“Simply ignoring the trend toward transparency isn't a viable option”

    Salary transparency is likely a boon for employees—especially for women and minorities, who may be better able to discover and resolve unfair pay gaps. Employers, however, often worry about pay transparency, fearing it could create discord between higher- and lower-paid employees.

    That is, admittedly, an uncomfortable prospect, but simply ignoring the trend toward transparency isn't a viable option. Rather, employers need be prepared to talk with employees about the factors that influence their pay.

    Two particular issues are likely to arise:

    1. How do you address staff who discover they're paid less than their peers?

    Ideally, if you're differentiating pay based on performance, employees should know where their performance stands relative to their peers—and how they can improve. This requires you to have clear performance standards that clearly spell out what differentiates between different levels of performance. Any discrepancies in pay should be justified, whether they're based on tenure, performance, or other factors. If you're looking to ensure that performance expectations are clear and that leaders can rate staff accurately (and back up those ratings) see our report on Must Do Steps for Trustworthy Performance Evaluations and our toolkit, The Manager's Guide to Accurate Evaluations.

    Even more importantly, you want to make sure that staff get feedback on where they stand more than once a year. To learn more about how providers can shift from the traditional, annual review approach to a continuous feedback model, check out our research report on how to Shift from Annual Performance Management to Continuous Feedback.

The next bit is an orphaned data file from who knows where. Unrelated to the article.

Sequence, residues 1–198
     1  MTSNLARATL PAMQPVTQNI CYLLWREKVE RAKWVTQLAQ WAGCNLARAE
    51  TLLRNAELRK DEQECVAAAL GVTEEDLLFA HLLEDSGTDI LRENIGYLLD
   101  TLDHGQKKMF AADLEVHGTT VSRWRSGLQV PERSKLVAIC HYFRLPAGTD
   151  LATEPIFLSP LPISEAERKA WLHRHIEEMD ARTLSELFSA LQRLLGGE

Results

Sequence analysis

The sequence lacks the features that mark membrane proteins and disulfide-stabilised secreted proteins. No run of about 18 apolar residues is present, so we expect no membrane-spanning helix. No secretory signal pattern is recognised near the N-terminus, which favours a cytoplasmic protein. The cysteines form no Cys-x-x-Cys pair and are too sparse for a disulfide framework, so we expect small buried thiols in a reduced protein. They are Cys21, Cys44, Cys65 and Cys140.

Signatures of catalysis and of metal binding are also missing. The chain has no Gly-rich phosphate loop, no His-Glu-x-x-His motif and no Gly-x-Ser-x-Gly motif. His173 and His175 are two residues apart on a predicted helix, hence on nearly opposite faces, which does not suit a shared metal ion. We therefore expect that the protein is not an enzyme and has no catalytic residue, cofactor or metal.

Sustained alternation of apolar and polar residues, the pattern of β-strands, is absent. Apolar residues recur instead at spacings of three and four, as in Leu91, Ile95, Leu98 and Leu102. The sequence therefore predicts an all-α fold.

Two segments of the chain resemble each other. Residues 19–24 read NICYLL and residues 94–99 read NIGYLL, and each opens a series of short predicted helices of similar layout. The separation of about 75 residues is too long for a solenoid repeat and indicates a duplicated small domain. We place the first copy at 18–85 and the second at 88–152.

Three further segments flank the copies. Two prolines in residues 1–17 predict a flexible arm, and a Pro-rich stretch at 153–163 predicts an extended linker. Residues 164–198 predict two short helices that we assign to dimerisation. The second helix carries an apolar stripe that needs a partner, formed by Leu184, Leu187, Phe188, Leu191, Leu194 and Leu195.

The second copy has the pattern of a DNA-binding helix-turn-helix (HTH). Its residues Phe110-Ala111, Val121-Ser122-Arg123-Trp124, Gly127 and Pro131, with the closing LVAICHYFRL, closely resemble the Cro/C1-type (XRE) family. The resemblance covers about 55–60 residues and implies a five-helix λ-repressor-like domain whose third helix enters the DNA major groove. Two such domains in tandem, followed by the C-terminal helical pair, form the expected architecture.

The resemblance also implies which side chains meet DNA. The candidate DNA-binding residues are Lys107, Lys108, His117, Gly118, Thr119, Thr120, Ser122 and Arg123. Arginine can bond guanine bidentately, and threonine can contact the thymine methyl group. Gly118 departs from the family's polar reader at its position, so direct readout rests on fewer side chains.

2. How do you respond to high performers who feel they should be paid more?

    While health systems may offer pay-for-performance incentives in theory, in practice, pay increases are usually not meaningfully differentiated based on performance. That lack of differentiation can be discouraging for high performers who discover they're getting paid the same as low or average performers.

    This is often due to limited budgets which inhibit many HR departments from giving top performers outsized rewards. However, in order to move closer to true pay-for-performance with these limited funds, organizations will have to ensure there's a more normal distribution of staff across the performance ratings—with most staff not receiving the highest rating.  And they'll have to decide to not reward the lowest performers. (See our report on the Best Practices for Ensuring Individual Performance Goals Motivate Staff Year-Round to learn more.) Because of limited merit pay budgets, some organizations are even looking to get rid of merit increases all together, and instead are looking to provide rewards for strong performance throughout the year.